Worried that too few doctors and pregnant women understand that new prenatal genetic tests can be wrong a significant amount of time, two U.S. Congresswomen from opposite ends of the abortion debate have introduced legislation that would provide warnings about limitations of the screens.
The screening tests, known as cell-free DNA, can tell a woman the risk her fetus has of Down syndrome and a growing list of other chromosomal abnormalities as early as nine weeks into a pregnancy. But a New England Center for Investigative Reporting examination last fall found that several companies were misrepresenting the accuracy of their tests, and some women had aborted healthy fetuses.
U.S. Rep. Jaime Herrera Beutler, a pro-life Washington Republican, along with Rep. Lucille Roybal-Allard, a pro-choice California Democrat, filed the “Accurate Education for Prenatal Screenings Act” late last month. It would require the Centers for Disease Control and Prevention to develop two separate education programs for health care providers and parents.
“Parents deserve the most accurate information available about their pregnancy,” said Herrera Beutler, who cited the New England Center’s work in her announcement.
Herrera Beutler, whose daughter was born without kidneys in 2013, said her situation, while different, sensitized her to the need for accurate prenatal information. Her daughter is now waiting for a kidney transplant. A routine ultrasound first alerted her and her husband to their daughter’s condition.
“Misinformation is dangerous,” said Herrera Beutler, adding that the tests offered valuable information, but women needed to properly understand them. Women can get “derailed by false information,” she said.
The tests first came on the market in 2011 and are projected to be a $3.6 billion global industry within the next five years. Originally aimed at older women and others at higher risk for having a child with a chromosomal condition, the tests are increasingly being marketed to younger, lower-risk pregnant women. But the tests are not diagnostic and only tell a woman the possibility her fetus has a chromosomal condition.
Positive test results indicating a problem can be wrong more than 50 percent of the time, but several companies advertise that their tests are 99 percent accurate. One company – Illumina – even has claimed its Verifi screening test was “near diagnostic,” even though it is not.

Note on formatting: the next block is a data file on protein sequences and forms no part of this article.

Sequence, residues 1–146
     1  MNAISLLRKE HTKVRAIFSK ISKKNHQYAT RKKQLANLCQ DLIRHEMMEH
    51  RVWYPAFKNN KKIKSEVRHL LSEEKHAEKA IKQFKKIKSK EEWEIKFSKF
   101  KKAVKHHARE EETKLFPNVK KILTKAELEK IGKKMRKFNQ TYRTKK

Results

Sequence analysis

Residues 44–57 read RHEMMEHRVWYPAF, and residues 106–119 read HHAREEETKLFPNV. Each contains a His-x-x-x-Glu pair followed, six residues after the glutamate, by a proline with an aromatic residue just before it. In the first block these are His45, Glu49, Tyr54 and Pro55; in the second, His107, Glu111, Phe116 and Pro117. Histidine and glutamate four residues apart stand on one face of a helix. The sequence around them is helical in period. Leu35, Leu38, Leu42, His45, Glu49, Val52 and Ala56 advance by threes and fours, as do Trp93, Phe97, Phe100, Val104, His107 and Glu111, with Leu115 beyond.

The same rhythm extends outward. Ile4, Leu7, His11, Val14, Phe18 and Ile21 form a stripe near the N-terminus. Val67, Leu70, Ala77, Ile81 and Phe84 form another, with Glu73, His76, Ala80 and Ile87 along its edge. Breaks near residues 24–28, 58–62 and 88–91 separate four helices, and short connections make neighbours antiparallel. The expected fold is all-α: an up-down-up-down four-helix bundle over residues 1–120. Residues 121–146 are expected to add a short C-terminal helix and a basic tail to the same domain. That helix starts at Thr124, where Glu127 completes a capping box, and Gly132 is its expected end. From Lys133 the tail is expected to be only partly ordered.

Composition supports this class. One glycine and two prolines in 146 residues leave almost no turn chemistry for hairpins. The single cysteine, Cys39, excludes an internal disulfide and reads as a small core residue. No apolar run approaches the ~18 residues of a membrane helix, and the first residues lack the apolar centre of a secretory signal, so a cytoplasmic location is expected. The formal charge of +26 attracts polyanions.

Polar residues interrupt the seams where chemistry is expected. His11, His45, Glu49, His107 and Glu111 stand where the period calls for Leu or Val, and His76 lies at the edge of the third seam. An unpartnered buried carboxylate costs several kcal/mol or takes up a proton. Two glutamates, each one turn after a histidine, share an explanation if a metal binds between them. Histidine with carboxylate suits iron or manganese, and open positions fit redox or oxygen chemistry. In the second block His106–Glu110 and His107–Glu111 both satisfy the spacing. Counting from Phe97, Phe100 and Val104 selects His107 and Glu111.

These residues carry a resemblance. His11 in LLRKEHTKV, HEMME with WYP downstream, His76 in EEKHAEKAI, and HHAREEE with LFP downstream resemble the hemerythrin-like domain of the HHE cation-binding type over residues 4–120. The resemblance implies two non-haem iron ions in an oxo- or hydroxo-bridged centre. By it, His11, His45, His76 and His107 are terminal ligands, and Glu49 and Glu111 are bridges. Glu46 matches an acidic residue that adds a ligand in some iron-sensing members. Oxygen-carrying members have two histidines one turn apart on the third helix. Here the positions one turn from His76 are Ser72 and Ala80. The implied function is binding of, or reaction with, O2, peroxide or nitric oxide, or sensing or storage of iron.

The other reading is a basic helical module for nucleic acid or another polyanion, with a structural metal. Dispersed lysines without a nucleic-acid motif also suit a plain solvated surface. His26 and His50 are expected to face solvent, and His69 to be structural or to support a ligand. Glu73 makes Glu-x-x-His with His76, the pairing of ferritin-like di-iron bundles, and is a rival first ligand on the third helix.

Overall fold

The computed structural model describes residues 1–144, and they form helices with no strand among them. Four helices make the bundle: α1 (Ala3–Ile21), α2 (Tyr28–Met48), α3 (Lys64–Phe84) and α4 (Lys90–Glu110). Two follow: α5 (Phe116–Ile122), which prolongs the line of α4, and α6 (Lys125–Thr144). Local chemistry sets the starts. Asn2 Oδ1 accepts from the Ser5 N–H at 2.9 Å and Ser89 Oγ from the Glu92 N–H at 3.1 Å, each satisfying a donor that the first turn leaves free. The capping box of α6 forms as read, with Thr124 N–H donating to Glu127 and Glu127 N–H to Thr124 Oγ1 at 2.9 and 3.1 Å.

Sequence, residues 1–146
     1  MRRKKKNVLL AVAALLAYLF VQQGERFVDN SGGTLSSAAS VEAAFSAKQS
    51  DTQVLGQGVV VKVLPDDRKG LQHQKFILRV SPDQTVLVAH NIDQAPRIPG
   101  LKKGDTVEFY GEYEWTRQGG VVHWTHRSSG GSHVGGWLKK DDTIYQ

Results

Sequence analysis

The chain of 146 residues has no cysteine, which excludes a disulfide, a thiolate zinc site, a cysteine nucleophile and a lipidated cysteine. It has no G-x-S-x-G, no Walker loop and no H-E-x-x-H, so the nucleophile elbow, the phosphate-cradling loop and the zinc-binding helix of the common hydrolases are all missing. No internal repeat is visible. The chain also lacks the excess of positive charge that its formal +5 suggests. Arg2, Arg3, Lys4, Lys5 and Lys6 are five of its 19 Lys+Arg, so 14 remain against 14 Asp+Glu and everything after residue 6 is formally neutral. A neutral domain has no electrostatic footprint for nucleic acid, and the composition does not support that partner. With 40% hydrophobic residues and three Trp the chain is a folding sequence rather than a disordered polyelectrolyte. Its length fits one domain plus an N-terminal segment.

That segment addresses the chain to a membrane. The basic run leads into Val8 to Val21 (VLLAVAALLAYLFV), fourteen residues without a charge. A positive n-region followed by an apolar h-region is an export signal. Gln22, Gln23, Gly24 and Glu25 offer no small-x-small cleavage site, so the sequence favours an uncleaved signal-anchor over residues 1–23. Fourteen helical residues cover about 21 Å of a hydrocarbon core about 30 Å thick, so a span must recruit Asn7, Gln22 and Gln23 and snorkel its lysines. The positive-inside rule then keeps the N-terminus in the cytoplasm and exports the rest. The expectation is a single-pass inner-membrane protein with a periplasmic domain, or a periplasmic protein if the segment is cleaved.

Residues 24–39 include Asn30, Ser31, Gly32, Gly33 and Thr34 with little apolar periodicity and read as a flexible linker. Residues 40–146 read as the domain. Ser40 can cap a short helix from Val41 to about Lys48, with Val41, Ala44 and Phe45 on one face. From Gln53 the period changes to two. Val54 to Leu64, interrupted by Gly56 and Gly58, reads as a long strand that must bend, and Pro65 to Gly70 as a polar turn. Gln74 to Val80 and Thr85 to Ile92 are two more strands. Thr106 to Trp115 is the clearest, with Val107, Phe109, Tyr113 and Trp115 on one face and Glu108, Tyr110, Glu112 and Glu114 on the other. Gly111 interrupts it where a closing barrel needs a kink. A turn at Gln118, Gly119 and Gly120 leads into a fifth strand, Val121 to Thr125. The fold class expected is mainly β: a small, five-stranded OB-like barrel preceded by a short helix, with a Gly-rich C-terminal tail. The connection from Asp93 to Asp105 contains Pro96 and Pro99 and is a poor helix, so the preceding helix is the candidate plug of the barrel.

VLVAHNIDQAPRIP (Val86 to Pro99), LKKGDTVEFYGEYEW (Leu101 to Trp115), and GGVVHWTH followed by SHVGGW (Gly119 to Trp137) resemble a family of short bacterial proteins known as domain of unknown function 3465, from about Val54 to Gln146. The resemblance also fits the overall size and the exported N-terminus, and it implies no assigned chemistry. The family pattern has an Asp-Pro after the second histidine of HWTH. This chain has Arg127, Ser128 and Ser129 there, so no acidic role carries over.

Other questions have arisen about the growing field of prenatal tests, especially after two Boston doctors sent in blood samples from two women who were not pregnant to five testing companies. Three of the companies sent back results last year indicating they came from women who were carrying a healthy female fetus.
In the last year, several efforts have been made to better educate women, including warnings by the Society For Maternal-Fetal Medicine and an education campaign, by the Perinatal Quality Foundation (sponsored by industry). But critics say it is not enough.
“The predominant sources providing information about these tests to healthcare providers and patients are the companies that sell these tests,” said Katie Stoll, a genetic counselor with the Genetic Support Foundation, an independent non-profit geared to provide accurate information about genetic testing.
“I am hopeful that this legislation will provide some much-needed funding to develop better, more objective resources and programs to educate providers,” she said.
The National Institutes of Health is also weighing in, announcing a $1.1 million grant this month to the New York-based Hasting Center, an independent non-profit bioethics research institute. The three-year grant will analyze implications of all prenatal genetic tests in part to chart out how the tests should be used in the future.